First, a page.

Coal Age

MAR 2019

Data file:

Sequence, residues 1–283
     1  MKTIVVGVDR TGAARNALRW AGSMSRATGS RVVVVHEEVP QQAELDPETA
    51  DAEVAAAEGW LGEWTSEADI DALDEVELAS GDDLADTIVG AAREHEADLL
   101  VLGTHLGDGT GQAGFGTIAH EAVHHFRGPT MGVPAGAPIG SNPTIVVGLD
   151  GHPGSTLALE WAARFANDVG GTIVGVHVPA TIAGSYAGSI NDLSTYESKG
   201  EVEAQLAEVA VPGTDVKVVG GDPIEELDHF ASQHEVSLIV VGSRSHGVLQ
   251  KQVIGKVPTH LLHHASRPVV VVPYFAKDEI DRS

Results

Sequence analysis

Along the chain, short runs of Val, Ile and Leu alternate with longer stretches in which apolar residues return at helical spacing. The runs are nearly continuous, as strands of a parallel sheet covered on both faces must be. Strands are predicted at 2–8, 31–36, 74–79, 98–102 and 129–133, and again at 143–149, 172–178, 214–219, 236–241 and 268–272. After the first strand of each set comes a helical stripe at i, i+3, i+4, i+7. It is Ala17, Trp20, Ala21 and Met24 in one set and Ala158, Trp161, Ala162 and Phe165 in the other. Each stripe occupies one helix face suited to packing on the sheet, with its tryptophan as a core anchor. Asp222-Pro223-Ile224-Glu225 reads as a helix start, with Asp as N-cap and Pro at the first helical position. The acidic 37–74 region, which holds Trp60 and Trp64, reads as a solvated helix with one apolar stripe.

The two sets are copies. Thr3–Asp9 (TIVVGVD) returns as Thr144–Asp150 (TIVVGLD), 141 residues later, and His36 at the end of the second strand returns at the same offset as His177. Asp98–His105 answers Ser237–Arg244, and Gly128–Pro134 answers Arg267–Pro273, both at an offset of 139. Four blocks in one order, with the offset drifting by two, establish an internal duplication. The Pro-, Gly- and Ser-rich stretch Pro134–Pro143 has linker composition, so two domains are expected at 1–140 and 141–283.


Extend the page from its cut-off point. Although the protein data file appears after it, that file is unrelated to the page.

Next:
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March 2019 www.coalage.com 41 operating ideas continued sends automatically the new infor- mation to all equipment." Assignments are relayed using the mine map. "This map is active and the operators can see FMS equipment locations," Romero said. The map shows the area where haulers are to dump the material. "The information is the same for both equipment types," Romero said. "Addi- tionally, on the dozer screen, the dozer operator has what trucks are coming to dump and when they are going to arrive," he said. "With this real-time information, the dozer operator knows when he can push the material." Both the onboard software and FMS are equipment brand agnostic. "Hexagon is committed to offering integrated solutions," Romero said. "We know there are a lot of isolated onboard solutions that struggle to share data between equipment." Integrated solutions further two company missions, he said. "What we are doing here makes the process safe and productive," Romero said. Separately, Hexagon Mining re- ported some of the research it is conducting in partnership with the University of Arizona into hyperspec- tral imaging-based solutions could have machine vision and situational awareness applications. Hyperspectral imaging captures the electromagnetic signatures of tar- gets, such as rock faces or stockpiles. The typical scanner captures a continu- ous measurement for a range of bands. For example, it generates a reflectance count for the 10-nanometer band, one for the 20-nanometer band, and so on. A hyperspectral scan could give instant information on the muck pile. Facilitating Double-side Loading Komatsu subsidiary Modular Mining Systems reported its ProVision Guid- ed Spotting System can in some cases increase shovel productivity by more than a third. The system, announced at the So- ciety for Mining Metallurgy & Explo- ration's annual conference in Denver (SME), provides situational awareness to hauler operators trying to back into place at the shovel. It was developed to nix the procedural shortcomings common to the task, Braden Weisheit, global sales manager, machine guid- ance, Modular Mining Systems, told Coal Age. "Traditionally, mines utilize inefficient practices, such as buck- et spotting and single-side loading, which reduce the productivity of shov- els and trucks," he said. The system guides haul truck op- erators without input from the shovel operator. Instead, it uses advanced guidance technologies, high-precision GNSS positioning and proprietary on- board software "to provide centime- ter-level accuracy for truck and shovel operators," Modular reported. It "automatically tracks, collects, captures, stores and utilizes, in re- al-time, all GPS information on the shovel, including the spotting loca- tion," Weisheit said. "The truck sys- tem also collects and utilizes real-time positional information, dynamically providing truck operators with guid- ance to the optimum load location." Two in-cab LED displays provide the information to the operator. When the hauler approaches the shovel, the displays present detailed guidance. The guidance is based on the specs of a "load zone polygon" at the shovel, Weisheit said during a pre- sentation at SME. When the truck breaches the polygon, instructions on maneuvering into the optimal "spot" are generated, he said. "The shovel operator has to set the spot point on each side when they are setting up their position," Weisheit said. "The spot will stay with the shovel for a short amount of time in terms of movement, so there is some leeway given to the shovel to move within that space around some predefined characteristics," he said. "Today, from a safety standpoint, we eliminate a spot automatically if the shovel was to breach either one of those loading zones as it moves, in which case it prompts the operator to reset that spot on either side." The primary tangible deliverable of the system is exact "continuous guidance and navigation informa- tion," Weisheit said. The benefits are numerous and "include reducing shovel hang time, eliminating re-spotting of a truck, and facilitating double-side loading," he said. The system allows the miner to optimize shovel swing angle and load cycle, and to maximize trucking capac- ity by minimizing total truck wait time. Results include improved com- pliance to plans along with poten- tially big gains in productivity, the company reported. In some cases, it can contribute up to eight additional loads per hour. "Dynamically provid- ing truck operators with guidance to the optimum load location without the need for shovel bucket spotting support can increase shovel produc- tivity by up to 34%," Weisheit said. In deployments this year, the sys- tem could be used to guide hauler op- erators dumping at the crusher site. "Because it is a static, fixed dumping point, it is just a matter of surveying in that dump spot," he said. "Once the truck breaches that polygon around the dump point, they receive guidance to get to the exact designated spot." Beyond 2019, the system could be deployed in other applications, Weisheit said. "When we look down the road a little bit further," he said, "we're seeing dozer spotting and get- ting into some of the autonomous technologies, running a manned and an unmanned fleet together, with paddock dumping and planned dumping, and lane guidance and keeping, with that high precision data being captured on the truck through- out the mine wherever they are at." This article was adapted from Level 1 Automation Gains Ground, which was published in the March 2019 edition of Engineering & Mining Journal (E&MJ).

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